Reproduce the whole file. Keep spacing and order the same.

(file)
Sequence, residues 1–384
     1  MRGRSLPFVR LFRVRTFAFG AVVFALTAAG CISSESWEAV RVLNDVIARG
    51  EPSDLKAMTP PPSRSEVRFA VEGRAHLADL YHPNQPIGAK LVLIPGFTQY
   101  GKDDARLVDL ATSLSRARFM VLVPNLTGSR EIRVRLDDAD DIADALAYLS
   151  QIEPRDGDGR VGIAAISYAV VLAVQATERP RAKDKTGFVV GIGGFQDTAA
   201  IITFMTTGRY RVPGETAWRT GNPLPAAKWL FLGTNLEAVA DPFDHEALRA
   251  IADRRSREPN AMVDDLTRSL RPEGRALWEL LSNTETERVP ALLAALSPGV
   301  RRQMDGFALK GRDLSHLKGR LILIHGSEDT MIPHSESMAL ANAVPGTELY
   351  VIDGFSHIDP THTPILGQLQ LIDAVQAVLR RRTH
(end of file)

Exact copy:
Sequence, residues 1–384
     1  MRGRSLPFVR LFRVRTFAFG AVVFALTAAG CISSESWEAV RVLNDVIARG
    51  EPSDLKAMTP PPSRSEVRFA VEGRAHLADL YHPNQPIGAK LVLIPGFTQY
   101  GKDDARLVDL ATSLSRARFM VLVPNLTGSR EIRVRLDDAD DIADALAYLS
   151  QIEPRDGDGR VGIAAISYAV VLAVQATERP RAKDKTGFVV GIGGFQDTAA
   201  IITFMTTGRY RVPGETAWRT GNPLPAAKWL FLGTNLEAVA DPFDHEALRA
   251  IADRRSREPN AMVDDLTRSL RPEGRALWEL LSNTETERVP ALLAALSPGV
   301  RRQMDGFALK GRDLSHLKGR LILIHGSEDT MIPHSESMAL ANAVPGTELY
   351  VIDGFSHIDP THTPILGQLQ LIDAVQAVLR RRTH